Pandora’s Box Part 2


I’ve been truly humbled by the response I’ve had to my Pandora’s Box  post. It’s been a little over 3 years since I wrote that post and 9 years since that day I walked through the front door of York Police station, therefore I think an update is more than in order, not just because people have asked me what happened next but because I’m no longer bound by sub-judice or by my emotional state.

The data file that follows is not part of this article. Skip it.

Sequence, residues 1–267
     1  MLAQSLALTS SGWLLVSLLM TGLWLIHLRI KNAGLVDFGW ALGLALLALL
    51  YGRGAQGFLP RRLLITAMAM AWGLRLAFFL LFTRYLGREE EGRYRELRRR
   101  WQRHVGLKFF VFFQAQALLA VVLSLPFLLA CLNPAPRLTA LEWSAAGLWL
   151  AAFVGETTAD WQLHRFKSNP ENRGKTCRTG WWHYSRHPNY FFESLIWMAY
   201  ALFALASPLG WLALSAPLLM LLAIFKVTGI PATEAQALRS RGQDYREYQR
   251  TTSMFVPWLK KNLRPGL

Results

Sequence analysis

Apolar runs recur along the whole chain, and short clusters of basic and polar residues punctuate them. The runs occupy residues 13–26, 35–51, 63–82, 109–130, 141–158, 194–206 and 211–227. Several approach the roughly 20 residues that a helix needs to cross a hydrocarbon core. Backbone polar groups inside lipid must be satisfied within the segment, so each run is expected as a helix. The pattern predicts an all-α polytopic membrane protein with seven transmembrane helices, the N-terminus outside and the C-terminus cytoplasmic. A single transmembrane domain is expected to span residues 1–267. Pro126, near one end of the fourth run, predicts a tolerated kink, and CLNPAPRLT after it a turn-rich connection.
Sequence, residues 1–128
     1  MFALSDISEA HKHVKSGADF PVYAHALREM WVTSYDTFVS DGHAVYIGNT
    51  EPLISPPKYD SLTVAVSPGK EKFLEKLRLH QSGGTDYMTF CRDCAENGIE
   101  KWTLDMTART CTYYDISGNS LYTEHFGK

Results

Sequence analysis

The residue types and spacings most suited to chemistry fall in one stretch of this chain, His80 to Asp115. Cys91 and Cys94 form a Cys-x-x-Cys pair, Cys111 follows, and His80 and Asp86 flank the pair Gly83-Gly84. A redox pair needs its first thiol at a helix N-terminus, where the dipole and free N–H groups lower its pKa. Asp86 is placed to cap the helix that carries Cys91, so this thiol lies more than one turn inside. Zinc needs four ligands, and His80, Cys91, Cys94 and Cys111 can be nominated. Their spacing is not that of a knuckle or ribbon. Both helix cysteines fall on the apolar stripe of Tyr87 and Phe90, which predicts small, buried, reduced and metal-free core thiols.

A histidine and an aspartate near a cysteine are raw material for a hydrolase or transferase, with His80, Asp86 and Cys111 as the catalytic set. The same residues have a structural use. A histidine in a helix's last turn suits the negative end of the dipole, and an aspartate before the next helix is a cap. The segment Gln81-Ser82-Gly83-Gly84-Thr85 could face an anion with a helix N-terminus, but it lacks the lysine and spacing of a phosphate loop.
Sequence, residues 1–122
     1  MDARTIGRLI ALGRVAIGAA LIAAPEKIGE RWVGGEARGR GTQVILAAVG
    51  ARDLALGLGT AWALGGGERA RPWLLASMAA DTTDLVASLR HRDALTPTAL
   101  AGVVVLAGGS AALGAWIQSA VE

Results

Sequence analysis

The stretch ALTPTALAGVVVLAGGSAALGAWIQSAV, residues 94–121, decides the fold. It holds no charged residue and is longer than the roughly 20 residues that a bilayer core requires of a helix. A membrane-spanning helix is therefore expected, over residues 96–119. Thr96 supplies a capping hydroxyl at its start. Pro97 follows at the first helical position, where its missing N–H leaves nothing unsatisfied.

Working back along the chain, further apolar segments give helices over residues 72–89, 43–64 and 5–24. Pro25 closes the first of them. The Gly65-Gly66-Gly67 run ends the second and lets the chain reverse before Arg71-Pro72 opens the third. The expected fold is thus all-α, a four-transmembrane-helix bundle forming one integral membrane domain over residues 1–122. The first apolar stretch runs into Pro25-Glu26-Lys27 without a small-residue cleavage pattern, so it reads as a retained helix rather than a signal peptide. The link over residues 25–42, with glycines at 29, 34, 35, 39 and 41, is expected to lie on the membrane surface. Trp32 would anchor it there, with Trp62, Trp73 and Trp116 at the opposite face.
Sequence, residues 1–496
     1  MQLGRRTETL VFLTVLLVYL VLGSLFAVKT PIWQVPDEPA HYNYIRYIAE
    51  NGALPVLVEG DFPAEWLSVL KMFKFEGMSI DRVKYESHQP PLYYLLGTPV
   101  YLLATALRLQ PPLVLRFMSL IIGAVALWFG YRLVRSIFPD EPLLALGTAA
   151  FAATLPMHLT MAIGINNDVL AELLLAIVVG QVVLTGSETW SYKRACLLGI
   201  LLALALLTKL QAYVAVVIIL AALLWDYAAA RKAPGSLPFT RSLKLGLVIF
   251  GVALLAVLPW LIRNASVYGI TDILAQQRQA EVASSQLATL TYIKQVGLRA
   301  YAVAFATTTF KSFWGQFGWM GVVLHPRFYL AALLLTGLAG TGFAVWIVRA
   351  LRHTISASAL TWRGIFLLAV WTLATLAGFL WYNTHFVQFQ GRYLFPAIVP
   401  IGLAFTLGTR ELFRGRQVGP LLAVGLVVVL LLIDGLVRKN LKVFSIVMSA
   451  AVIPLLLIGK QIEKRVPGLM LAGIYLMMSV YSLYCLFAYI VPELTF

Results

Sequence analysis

What happened after I made my statement, really amounts to very little. The officer had sent my statement down to Sussex. I waited 2 weeks but still hadn’t heard anything, so I called the detective from York to see if he could help. The next day, maybe day after; I had a phone call back from York CID to tell me after some trouble they had finally got a contact in Sussex for me. At this point I’d become convinced that I’d made a mistake in my statement about the layout of the house where I’d been abused. I was frightened beyond belief that at this early stage I’d screwed everything up. To try and put things right I phoned DC Fifefield in Sussex. He had no idea who I was, hadn’t read my statement and did very little to calm me down or ease my anxieties. About and hour later he rang me back having finally read my statement, fortunately I’d not made the mistake I thought I had and the investigation was about to begin. After a few weeks of trying to contact my sister and my friend who were both unwilling to come forward, Baulch was interviewed. Needless to say being the lying cowardly piece of crap he is, he denied it all. Fifefield rang me to say because the other victims wouldn’t come forward it was my word against his and that meant they was insufficient evidence to proceed.  Fifefield knew from Baulch’s demeanour that he was lying and was guilty but couldn’t do much more, so the case would lie dormant until any further evidence turned up or the other victims changed their minds and made a statement. I felt completely and utterly defeated, I hadn’t stopped him abusing children, but hoped the police would keep an eye out for him.